O’DONNELL: The President said he is open to going to the border at some point. Do you have any sense, if during this current situation, he would consider it valuable to go there, see for himself the conditions, talk to people on the ground. Is that something we should expect?
O’DONNELL: He also said one of the changes of take place is allowing a process where those seeking asylum can do it from their home countries. But there are a lot of advocates who say that just extends the period of exposure to poverty, violence, all of those conditions and don't support that. So, how is the President going to deal with that factor and, clearly, the border is not closed, given the flow. So that seems like a message that is not in tune with what people are actually seeing based on are now up to 15 16,000 kids in U.S. custody and so forth.
O’DONNELL: Well, is the President frustrated his message isn't getting through?
PSAKI: I don't think the President sees it that way. The President, the secretary of Homeland Security have all conveyed that there are a number of factors at play here[.]
ROBINSON: On the border, you’ve said a few times today that the majority of migrant families are turned away. DHS said last month that number was 42 percent, that's down significantly from, say, last October, when it was over, 90 percent, so what's your threshold for the majority?
PSAKI: The majority of people, families, everybody who comes to the border of — if you look at those overarching numbers, is turned away. DHS is the right authority for specific numbers and data on all that front, so I’d certainly encourage you to keep talking to them.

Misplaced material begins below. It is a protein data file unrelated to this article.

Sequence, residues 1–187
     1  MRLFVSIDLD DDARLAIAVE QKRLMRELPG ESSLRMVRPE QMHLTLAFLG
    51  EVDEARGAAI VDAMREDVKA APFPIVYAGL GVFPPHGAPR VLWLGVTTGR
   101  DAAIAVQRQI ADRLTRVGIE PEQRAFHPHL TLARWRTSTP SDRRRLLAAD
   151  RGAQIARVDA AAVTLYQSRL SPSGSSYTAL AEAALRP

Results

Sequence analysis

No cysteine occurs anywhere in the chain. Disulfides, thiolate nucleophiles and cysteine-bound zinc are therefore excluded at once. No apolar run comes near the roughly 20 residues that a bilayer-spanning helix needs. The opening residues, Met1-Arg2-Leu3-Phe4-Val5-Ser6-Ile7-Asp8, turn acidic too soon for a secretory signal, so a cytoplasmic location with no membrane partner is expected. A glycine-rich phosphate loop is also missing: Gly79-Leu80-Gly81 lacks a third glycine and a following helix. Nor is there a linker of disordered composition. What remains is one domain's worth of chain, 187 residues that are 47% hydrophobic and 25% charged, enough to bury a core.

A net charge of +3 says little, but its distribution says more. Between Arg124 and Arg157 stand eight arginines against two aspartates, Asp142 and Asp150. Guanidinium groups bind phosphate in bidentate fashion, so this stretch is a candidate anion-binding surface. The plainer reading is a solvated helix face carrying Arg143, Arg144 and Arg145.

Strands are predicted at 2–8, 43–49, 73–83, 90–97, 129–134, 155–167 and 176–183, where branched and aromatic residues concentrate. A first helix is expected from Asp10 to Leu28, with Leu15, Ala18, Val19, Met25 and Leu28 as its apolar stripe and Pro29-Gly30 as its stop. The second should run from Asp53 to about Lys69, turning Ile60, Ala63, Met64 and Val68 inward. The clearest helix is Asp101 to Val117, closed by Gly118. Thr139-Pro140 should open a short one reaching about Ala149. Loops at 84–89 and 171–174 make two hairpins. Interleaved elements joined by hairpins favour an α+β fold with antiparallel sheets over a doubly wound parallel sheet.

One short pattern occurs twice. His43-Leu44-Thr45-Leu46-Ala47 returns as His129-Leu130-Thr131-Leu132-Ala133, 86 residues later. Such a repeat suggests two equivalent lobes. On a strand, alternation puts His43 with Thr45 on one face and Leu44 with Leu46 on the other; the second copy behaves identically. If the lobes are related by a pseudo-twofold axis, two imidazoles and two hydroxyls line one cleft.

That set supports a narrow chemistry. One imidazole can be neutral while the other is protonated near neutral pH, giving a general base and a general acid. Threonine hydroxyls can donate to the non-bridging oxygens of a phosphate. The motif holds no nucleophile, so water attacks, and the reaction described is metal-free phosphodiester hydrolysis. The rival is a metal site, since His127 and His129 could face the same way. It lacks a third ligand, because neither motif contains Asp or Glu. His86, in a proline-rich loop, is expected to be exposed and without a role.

ROBINSON: So also you are opening up new facilities. One of the options is being reported over the weekend is spinning $86 million on hold hotel rooms for some migrants and feeding them. How do you square that with the National Guard troops, who were sleeping in parking garages and you know, some of them got sick from having contaminated food. That's a disparity a lot of people are pointing out, that Air National Guard was treated one way and then illegal immigrants are going to be put in hotel rooms?
PSAKI: Well first. Let me say that at the time when we became aware of the conditions, National Guard troops were in — in — in a parking garages, as you noted, the president called the head of the National Guard that day and offered his assistance offered to, uh, play any role that he could play, boosting morale, asking for more aid, making sure they had the right — were treated in the way that they deserved for the incredible role they've played. So I know that was some time ago, but that was the reaction he took at the time.
And, not to be left out, other reporters who pressed Psaki on immigration included (in order): Bloomberg’s Josh Wingrove, NPR’s Tamara Keith, the Los Angeles Times’s Chris Megerian, and The Guardian’s David Smith.
With a roster like this of liberal outlets grilling an administration they had a vested interest in supporting (and destroying Donald Trump), the honeymoon has to, at least some extent, be over.